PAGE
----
However, remember that you can’t feed your dog all protein. Dogs require a balanced diet, which means dog food must contain not only protein but also fats, vitamins, and minerals. You want high-protein, not all-protein.
When it comes to high-protein dog food, you’re looking for dog food that is high in protein and low in carbohydrates. To put it another way, dogs need a predominantly meat but not an all-meat diet, which naturally leads to high-protein content.
Protein quality is even more important than protein content percentage. What type of protein is included in the dog food, or what is the source of the protein indicated on the dog food label?
If a dog food has a high protein content, but it’s a protein your dog cannot digest well, it’s useless protein. Your dog is simply going to excrete it.
Essentially, you want easily digestible, whole protein sources. Such sources include chicken, eggs, whitefish, salmon, tuna, turkey, and beef. Some of the best dry dog foods in the market have meat inclusions of greater than 90%.
What to Avoid: Generic Meat Meal
Try to avoid dog foods that contain generic labels like meat meal, meat by-product meal, and meat and bone meal products.
Except for dog food manufacturers, no one can really say for sure what goes into making generic meat by-product meal. Meat meal could contain slaughterhouse waste: hooves, beaks, heads, and other meat processing leftovers. But they could also include spoiled supermarket food, roadkill, meat from diseased animals, and even euthanised animals.
However, you might have to consider dry dog foods with meat meal for practical and economic reasons. If meat meal is unavoidable, then choose a dry dog food that indicates the meat meal type.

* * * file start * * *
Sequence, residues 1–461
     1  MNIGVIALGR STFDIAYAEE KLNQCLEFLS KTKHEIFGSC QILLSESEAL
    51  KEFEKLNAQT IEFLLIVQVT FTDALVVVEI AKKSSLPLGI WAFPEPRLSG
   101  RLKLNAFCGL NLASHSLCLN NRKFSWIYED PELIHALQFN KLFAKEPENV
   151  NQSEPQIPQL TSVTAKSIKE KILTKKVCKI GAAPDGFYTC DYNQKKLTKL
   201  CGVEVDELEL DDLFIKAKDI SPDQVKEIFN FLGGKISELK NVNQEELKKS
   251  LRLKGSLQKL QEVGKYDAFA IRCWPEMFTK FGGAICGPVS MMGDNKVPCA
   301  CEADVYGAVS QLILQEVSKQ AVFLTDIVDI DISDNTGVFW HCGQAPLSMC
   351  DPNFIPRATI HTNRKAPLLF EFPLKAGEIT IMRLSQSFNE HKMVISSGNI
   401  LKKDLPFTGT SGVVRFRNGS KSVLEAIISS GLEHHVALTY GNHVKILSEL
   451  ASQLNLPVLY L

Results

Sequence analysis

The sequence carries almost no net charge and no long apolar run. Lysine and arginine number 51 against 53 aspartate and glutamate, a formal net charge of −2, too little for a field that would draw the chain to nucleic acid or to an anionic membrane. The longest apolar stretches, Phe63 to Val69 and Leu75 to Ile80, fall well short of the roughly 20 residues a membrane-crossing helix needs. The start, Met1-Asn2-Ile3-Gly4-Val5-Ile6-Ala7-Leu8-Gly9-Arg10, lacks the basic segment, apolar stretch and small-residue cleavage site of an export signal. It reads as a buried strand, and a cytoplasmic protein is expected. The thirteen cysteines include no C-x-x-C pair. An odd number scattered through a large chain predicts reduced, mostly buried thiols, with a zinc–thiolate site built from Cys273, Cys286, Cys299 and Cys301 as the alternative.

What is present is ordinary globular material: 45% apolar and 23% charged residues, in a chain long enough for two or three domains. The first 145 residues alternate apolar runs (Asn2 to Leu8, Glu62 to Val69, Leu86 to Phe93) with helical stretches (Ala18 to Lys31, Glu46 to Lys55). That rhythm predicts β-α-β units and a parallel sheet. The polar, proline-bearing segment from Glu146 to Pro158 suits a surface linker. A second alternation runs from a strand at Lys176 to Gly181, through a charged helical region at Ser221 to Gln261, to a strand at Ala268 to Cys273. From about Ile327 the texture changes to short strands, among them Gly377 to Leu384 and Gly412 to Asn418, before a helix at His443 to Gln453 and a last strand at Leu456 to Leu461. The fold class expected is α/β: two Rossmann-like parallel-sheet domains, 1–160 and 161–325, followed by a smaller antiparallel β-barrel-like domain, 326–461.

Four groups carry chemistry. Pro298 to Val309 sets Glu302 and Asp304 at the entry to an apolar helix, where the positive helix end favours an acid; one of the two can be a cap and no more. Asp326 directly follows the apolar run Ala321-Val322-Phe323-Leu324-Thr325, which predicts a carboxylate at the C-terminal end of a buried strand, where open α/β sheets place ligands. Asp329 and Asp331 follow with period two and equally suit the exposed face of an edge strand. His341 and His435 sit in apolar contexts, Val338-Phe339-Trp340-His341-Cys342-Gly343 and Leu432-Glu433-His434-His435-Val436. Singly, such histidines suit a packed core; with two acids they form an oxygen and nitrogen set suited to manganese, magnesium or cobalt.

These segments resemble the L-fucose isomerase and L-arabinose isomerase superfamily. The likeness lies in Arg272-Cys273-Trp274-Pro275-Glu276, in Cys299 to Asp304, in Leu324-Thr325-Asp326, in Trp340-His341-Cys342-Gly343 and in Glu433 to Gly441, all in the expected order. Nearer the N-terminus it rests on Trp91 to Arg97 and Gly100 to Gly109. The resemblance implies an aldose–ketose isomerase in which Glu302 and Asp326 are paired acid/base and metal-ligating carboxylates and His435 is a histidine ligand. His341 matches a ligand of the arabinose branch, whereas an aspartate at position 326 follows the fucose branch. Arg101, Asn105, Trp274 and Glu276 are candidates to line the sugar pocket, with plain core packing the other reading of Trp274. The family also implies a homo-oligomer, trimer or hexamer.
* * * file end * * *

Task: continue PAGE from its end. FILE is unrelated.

For instance, you’d want something like chicken by-product meal or beef by-product. While you still wouldn’t know what specific parts went into the meat meal, at least you’d know from which animal they came.
Some dog food manufacturers use grains for bulk. Popular dog food grain ingredients include wheat, corn, rice, oats, rye, and barley.
While grains can and do provide dogs with extra energy, dogs don’t need grains as a source of energy. Dogs primarily get their energy from protein and fats.
On the other hand, dogs find grains difficult to digest. Over time, the accumulation of undigested cereal fibres and carbohydrates can damage the lining of the digestive system. This leads to problems like allergies, leaky gut, obesity, and bowel inflammation.
So, should your dog food have grains or not? It depends. If your dog has a grain allergy, then you should choose grain-free dog food. Otherwise, grains can also provide essential nutrients such as fatty acids and fibres.
However, dog food should contain only moderate amounts of grain. Protein should still be the predominant ingredient.
So, What’s the Best Dry Dog Food?
The best dry dog foods are high in protein. They have high-quality, easily digestible animal protein, so it’s best if they do not contain meat meal or meat by-products. They may also be grain-free, although grain – in moderation – has nutritional benefits.
If you are based in Dubai, your favourite pet shop, Dubai veterinarian, or pet nutritionist can help recommend the best dry dog food options.